Storing up for your Stories
Even if you read every book in the library about how to write a good story and every blog on the internet, it wouldn't teach you what story to tell or how exactly to tell it. That’s because the stories you write bubble up from your heart, mind, spirit, and sense of play. They come from the experiences you’ve stored up, living on the planet. Every word, every phrase of your story is drawn to you by who you are, the thoughts you think, and how you choose to live your life.
The need to “store up” is one reason some authors take months or years to write their manuscripts. They may have the basic concept and the main character down, yet still be unsure how to wrap everything together into the beautiful package it has the potential to become. Perhaps their stores are depleted or were never filled to the level needed to write such a piece. So they wait. They live their lives, read their books, and go on their adventures. Some day, along the way, they find the missing piece, the shaft of wheat that fills the larder to overflowing and makes their story complete.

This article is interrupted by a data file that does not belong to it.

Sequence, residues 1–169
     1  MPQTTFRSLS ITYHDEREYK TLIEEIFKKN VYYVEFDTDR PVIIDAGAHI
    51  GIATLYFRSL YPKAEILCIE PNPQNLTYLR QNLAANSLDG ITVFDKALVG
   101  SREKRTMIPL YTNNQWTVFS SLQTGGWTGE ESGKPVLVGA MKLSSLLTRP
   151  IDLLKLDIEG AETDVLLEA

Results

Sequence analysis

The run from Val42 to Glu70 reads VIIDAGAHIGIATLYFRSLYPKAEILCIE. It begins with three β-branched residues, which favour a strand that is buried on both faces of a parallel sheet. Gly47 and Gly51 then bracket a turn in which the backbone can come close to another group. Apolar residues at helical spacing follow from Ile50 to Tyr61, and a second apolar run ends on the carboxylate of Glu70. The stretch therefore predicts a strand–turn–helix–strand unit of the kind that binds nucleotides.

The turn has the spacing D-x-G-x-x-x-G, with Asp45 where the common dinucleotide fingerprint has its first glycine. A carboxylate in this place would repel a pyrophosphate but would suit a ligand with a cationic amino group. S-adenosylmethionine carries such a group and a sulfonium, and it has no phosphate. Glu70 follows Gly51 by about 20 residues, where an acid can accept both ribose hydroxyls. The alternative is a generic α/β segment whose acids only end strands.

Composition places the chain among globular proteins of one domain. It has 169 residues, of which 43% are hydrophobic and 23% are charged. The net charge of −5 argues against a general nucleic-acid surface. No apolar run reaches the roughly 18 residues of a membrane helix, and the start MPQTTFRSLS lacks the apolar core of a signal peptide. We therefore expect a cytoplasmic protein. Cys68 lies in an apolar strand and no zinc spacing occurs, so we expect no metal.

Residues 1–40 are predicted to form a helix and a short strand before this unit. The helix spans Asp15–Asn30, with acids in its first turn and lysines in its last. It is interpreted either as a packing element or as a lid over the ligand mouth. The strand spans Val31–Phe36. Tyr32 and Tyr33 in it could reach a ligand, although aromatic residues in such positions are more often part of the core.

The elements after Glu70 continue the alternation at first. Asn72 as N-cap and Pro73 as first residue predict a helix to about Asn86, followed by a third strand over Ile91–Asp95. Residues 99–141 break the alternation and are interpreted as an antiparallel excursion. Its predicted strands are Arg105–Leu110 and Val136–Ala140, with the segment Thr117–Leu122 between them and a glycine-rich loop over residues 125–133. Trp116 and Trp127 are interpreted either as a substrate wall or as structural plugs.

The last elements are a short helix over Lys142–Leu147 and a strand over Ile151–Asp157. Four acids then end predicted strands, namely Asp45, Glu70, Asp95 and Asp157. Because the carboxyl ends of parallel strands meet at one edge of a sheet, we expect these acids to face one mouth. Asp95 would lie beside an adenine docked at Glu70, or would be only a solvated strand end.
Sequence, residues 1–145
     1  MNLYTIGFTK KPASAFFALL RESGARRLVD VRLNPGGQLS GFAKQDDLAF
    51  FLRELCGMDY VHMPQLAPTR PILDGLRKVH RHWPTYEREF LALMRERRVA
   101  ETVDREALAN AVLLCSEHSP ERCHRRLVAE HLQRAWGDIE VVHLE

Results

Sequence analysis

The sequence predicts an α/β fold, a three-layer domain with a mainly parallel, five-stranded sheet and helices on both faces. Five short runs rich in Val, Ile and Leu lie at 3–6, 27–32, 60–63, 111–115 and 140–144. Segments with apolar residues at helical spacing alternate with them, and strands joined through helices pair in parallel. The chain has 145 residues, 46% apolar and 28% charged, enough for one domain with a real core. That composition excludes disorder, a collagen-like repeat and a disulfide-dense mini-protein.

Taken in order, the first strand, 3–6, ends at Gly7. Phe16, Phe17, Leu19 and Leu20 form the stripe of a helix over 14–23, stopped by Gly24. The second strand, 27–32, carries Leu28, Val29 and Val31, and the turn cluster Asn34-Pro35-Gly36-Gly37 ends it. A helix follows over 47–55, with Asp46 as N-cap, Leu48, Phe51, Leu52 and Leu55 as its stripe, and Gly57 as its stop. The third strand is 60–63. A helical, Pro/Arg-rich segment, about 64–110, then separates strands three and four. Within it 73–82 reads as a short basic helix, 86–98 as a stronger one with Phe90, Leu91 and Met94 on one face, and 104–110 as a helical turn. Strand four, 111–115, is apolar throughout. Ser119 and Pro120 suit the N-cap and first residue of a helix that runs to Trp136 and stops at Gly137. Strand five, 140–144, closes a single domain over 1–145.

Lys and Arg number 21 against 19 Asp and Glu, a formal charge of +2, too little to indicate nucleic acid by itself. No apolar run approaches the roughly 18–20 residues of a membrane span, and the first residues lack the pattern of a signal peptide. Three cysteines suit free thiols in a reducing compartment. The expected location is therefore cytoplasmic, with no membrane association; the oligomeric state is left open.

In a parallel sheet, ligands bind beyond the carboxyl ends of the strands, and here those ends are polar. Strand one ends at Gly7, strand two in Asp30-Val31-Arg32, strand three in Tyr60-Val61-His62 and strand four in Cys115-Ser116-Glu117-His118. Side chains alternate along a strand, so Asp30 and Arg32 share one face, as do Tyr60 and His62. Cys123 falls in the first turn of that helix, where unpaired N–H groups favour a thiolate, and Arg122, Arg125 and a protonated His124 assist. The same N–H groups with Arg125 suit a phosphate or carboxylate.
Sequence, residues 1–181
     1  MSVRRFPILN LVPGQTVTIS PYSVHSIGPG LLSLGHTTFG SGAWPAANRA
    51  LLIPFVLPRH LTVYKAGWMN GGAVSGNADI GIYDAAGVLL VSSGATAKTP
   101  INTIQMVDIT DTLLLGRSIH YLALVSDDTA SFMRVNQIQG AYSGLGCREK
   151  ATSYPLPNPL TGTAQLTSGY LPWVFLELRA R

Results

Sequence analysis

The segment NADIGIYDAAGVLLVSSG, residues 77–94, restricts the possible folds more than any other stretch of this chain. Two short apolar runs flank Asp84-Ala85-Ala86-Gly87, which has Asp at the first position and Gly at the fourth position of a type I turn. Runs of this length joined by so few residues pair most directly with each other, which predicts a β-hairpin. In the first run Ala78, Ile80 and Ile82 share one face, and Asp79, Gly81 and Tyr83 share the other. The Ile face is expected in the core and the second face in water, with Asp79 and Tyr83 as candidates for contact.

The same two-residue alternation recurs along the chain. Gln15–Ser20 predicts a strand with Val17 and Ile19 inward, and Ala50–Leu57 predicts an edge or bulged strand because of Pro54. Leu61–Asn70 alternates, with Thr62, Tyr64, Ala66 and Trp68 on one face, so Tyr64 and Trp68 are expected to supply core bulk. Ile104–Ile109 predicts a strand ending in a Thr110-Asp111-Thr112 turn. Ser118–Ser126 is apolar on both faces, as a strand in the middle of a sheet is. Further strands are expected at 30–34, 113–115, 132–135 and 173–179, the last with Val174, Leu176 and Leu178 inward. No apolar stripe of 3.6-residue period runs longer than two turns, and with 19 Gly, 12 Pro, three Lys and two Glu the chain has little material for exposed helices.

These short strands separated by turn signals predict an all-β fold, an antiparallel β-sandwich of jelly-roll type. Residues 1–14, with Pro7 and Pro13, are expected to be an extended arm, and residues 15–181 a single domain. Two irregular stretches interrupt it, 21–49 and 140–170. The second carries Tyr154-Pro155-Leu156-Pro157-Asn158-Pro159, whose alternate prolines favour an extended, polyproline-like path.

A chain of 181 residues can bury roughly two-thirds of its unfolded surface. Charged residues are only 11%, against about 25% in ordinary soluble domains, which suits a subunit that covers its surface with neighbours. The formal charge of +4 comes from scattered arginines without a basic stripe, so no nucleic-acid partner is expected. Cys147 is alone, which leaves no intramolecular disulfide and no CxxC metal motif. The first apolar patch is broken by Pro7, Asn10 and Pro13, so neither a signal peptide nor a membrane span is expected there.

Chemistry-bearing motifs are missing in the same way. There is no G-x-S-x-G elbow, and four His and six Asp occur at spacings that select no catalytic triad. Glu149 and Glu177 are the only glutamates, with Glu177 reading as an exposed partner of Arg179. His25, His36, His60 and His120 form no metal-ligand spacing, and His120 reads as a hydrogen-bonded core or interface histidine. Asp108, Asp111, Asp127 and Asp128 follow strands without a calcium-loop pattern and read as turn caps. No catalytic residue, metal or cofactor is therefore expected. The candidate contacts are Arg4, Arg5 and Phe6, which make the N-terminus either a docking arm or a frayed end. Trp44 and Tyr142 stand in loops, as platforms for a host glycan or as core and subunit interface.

High on the list of “what to do if you want to write a picture book” is to read other authors’ picture books: the Caldecott winners, the classics, the new books on the library and bookstore shelves. But to be able to choose from many wondrous possibilities, it’s best to have a plentiful larder. That means reading beyond picture books in order to write picture books.
Read poetry, everything from Caedmon to William Butler Yeats to Mary Oliver. Read the classics and old folktales from Milton to Dickens to Tolkien. Read non-fiction, to learn about the plants and animals we share the earth with, to understand history, to experience new ideas, including 21st century issues. Currently, I’m reading two books that revolve around today’s world and children: ten ways to destroy the imagination of your child and Parenting Well in a Media Age. There are wonderful tidbits here and more than a little wisdom.
Even more important than reading is stepping out into the world. Walk not just in nature. Walk with nature. Whether you travel to Africa to be among elephants, cheetahs, and giraffes or travel down the sidewalk among persistent weeds in cracks, a window box of fragrant rosemary, or the crunch of autumn leaves, marvels will appear.